In Lincoln, Ruth Beale has been inspired by the Magna Carta and the Charter of the Forest and their distinction of ‘free men’ and ‘the unfree’, to explore the legal and social structures around the concept of freedom. She is interested in how a person’s sense and experience of freedom might be affected by their class, wealth, race or gender, by access to employment, education, health services and housing, by their right to vote, or their right to live and work in the UK.
In the UK, everyone has the right to freedom of thought, conscience and religion, and to freedom of expression, but being heard, or listened to, is not guaranteed. Protest remains a way of coming together, occupying public space, starting debate, and giving voice to minority groups. Ruth Beale’s practice considers the evocative relationships between culture, governance, social discourse and representation. A form of socialised questioning, it includes performance, writing, collecting, drawing and socially-engaged processes.
Ruth Beale will present an exhibition of hand-made blank banners are interpretations of real banners used in protests and rallies from the last 100 years: from Justice for Grenfell, to the Suffragettes, to pit closures and trade union marches.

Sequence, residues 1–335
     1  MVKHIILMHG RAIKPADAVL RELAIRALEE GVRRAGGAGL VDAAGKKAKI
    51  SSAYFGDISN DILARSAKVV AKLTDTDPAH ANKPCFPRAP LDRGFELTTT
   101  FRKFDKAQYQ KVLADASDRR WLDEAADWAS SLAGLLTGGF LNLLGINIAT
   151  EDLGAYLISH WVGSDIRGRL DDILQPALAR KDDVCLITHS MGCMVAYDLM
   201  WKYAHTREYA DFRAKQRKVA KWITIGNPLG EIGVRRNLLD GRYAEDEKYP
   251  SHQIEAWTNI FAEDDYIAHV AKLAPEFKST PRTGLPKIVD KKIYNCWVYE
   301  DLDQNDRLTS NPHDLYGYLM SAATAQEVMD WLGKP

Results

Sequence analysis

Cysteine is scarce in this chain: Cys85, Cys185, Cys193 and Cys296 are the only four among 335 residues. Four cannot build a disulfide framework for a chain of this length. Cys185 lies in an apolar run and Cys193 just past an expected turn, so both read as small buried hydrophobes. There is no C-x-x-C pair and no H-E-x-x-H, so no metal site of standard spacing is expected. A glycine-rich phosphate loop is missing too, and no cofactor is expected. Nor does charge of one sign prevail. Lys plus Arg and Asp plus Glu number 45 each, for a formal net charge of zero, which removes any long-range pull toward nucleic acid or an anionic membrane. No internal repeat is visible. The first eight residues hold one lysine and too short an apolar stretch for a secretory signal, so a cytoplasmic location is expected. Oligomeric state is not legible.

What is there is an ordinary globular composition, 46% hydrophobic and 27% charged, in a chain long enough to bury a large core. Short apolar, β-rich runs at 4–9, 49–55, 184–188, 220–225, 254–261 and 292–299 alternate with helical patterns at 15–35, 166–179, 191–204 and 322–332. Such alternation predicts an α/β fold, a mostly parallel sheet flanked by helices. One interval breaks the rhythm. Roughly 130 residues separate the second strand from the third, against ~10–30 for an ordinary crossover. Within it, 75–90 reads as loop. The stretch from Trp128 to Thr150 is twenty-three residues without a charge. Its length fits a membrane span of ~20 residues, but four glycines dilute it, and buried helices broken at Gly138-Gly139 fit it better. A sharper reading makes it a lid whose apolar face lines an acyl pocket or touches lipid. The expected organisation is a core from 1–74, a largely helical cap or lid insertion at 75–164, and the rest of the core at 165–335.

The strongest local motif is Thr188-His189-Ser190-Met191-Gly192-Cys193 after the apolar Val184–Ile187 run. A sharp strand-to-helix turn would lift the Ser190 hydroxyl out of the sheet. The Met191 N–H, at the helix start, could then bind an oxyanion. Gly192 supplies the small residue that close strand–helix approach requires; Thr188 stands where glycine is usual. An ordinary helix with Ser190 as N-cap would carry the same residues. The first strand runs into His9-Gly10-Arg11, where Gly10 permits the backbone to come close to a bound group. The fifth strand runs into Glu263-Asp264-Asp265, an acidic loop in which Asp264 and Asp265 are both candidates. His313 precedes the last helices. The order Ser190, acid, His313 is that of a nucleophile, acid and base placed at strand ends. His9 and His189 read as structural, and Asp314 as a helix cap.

Following recent anti-austerity, anti-Trump, and anti-Brexit marches, Banners have become memes on news and social media. They are effectively distributed, then easily forgotten as information overload undermines the integrity of individual messages. By ‘silencing’ the banners, Ruth Beale has stilled their vitality, halted their message, but not emptied their meaning, as we imagine from their design the causes the banners represented.
During February and March, whilst the banners are on display, Ruth is hosting a series of public events called Freedom: Public Conversations. Events will include PRIZZZON, a talk and conversation with artist, activist and instagrammer Lisa Selby/bluebaglife and author and activist Carl Cattermole. Talking from experience about the UK Prison System, they discuss the future of prison campaigns.
Ruth Beale is working as a commissioned artist with Mansions of the Future throughout 2019.